I think that human beings from all over have many of the same basic values at a fundamental level even if they haven’t seen the reason or need or means to correct harmful practices. And let’s worry about what’s going on in Canada first–by Canadians–or in the name of Canadians. What are we doing that is objectively harmful in an old-fashioned straightforward sense of the word? Nothing? I can name a lot of things. And what is the value set we are supposed to be following? It started off with Christianity and then it turned into something very vague that had to do with going along with whatever governments and corporations and media told us to do, right?
It is probably not McLuhan’s religious choice, but I think the answer to globalism (so-called humanism) is to outrank globalist anti-values with universal, spiritually-based, human-affirming values which recognize that we are made with purpose–to live with purpose [R].
- “Bicameral mind” or bicameralism: https://duckduckgo.com/?q=bicameral+mind&atb=v119-1&ia=web
- Surveillance: I think of my own school report cards as an earlier example.
- Surveillance: 5 Eyes / Echelon system / NSA further research:
I was interested in pinning down an early date for telephone interception because I remember seeing part of an early news report or documentary about this.
I found this (which may also be useful for understanding 5G, 4G and other cellular network standards):
EUROPEAN PARLIAMENT 1999-2004 Session document FINAL A5-0264/2001 PAR1 11 July 2001 REPORT on the existence of a global system for the interception of private and commercial communications (ECHELON interception system) (2001/2098(INI))
There is a lot of information in this document. Here is something interesting on page 53:
In the late 1970s the Sugar Grove station in the eastern USA was developed (the station already existed for the purpose of intercepting Russian communications); it came into operation in 1980. A station in Hong Kong was also set up in the late 1970s. As a result, in the 1980s global interception of INTELSAT communications was possible using the four stations – Yakima, Morwenstow, Sugar Grove and Hong Kong.
Other references for research:
- Surveillance: Store convenience cards
- Internet surveillance (see above links also) and
- Government surveillance of large transactions: FINTRAC: https://canadianliberty.com/?s=fintrac
- Smart City Censors, 5G, Internet of Things and Cellular Networks. See https://canadianliberty.com/5g-overview/ and related website tags below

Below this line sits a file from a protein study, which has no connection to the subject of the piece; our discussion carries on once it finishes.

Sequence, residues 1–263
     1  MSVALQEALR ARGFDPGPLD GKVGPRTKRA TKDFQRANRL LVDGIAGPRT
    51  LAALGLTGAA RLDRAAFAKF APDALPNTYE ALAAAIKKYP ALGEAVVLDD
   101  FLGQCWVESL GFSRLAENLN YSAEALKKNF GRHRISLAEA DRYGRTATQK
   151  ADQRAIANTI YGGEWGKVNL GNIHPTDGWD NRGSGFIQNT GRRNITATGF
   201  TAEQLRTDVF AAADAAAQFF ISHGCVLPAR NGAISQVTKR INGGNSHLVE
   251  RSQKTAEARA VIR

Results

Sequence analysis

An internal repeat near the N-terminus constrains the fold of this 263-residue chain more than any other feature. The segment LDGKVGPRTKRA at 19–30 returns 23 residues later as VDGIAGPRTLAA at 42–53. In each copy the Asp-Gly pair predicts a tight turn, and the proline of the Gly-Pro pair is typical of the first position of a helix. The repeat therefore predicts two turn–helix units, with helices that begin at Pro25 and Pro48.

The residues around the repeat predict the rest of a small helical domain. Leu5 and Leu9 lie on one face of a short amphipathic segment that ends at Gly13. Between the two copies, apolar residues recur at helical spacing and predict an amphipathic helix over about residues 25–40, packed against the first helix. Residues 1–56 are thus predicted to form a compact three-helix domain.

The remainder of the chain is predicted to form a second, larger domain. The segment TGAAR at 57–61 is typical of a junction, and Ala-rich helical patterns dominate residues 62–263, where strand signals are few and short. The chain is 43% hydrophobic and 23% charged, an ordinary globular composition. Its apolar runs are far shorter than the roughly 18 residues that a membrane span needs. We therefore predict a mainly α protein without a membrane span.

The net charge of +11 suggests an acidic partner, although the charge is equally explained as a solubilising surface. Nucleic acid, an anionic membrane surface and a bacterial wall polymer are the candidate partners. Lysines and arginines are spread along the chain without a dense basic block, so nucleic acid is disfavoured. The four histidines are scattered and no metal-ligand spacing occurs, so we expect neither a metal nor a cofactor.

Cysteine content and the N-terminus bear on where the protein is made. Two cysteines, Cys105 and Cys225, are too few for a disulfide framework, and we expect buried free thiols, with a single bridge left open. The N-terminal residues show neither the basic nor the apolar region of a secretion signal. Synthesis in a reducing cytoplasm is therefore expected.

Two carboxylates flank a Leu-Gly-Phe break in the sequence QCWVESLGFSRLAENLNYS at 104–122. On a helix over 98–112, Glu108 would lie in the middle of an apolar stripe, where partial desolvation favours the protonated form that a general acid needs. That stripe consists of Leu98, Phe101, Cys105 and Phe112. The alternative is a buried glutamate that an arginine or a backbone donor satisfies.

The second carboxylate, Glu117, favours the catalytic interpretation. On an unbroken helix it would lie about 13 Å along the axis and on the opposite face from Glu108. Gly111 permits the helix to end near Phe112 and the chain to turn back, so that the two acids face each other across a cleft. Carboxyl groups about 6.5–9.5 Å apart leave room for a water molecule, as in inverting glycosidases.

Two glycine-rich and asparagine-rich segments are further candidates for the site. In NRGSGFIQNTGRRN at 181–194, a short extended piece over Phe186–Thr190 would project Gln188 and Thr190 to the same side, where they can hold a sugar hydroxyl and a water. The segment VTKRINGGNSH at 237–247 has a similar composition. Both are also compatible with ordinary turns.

- “mass manned” and propaganda: relates to idea of direction of mass society in Edward Bernays: Propaganda Key quotations from this book are easy to find: https://duckduckgo.com/?q=Edwards+Bernays+propaganda+quotations&t=ffnt&atb=v119-1&ia=web
- Order Out of Chaos: https://duckduckgo.com/?q=order+out+of+chaos+mackey%27s+encyclopedia+of+freemasonry&t=ffnt&atb=v119-1&ia=web
- Propaganda: see my notes on Propaganda by Jacques Ellul: https://canadianliberty.com/notes-on-propaganda-by-jacques-ellul-6/
- Drugs subduing people: a lot of information on this website about many different aspects of drugs: illegal or prescription psychotropic drugs. Drugs is a complex subject but the main point to make is that possibly all aspects of this topic have been weaponized. For example: see Brave New World tag.
- Opium and heroin: Afghanistan War: https://canadianliberty.com/december-28-2007-canadians-in-afghanistan/
- Opium Wars vs. China: https://duckduckgo.com/?q=China+Opium+Wars+Palmerston&t=ffnt&atb=v119-1&ia=web
- Opioid deaths in North America: appears to be a very confusing situation, a two-edged sword, because on one side of the issue is the need for patients to have effective pain treatment, so there appears to be demonization (probably for tighter control) going on alongside the illegal trade and abuse of opioids. Links for further research:
- Drugs: Research: Drugs as Weapons Against Us by John Potash: https://duckduckgo.com/?q=john+potash+drugs+as+weapons+against+us&atb=v119-1&ia=shopping
- Ideograms: https://canadianliberty.com/analysis-letters-of-marshall-mcluhan-part-6-1-his-awareness-of-masonic-gnostic-occult-secret-society-influence/
- Alan Watt: Waiting for the Miracle. Books at cuttingthroughthematrix.com
- Harold Innis: https://canadianliberty.com/?s=Harold+Innis
- “Made with purpose” – disallowed concept in Brave New World system. Censorship in Chapter 12:
“A New Theory of Biology” was the title of the paper which Mustapha Mond had just finished reading. . . . picked up his pen and wrote across the title-page: “The author’s mathematical treatment of the conception of purpose is novel and highly ingenious, but heretical and, so far as the present social order is concerned, dangerous and potentially subversive. Not to be published.” . . . But once you began admitting explanations in terms of purpose – . . . It was the sort of idea that might easily decondition the more unsettled minds . . . – make them lose their faith in happiness as the Sovereign Good and take to believing, instead, that the goal was . . . , that the purpose of life was not the maintenance of well-being . . .
Note the use of the term “well-being” by the United Nations: https://canadianliberty.com/un-declares-international-day-of-happiness-to-measure-well-being-as-sustainable-development-kicks-in/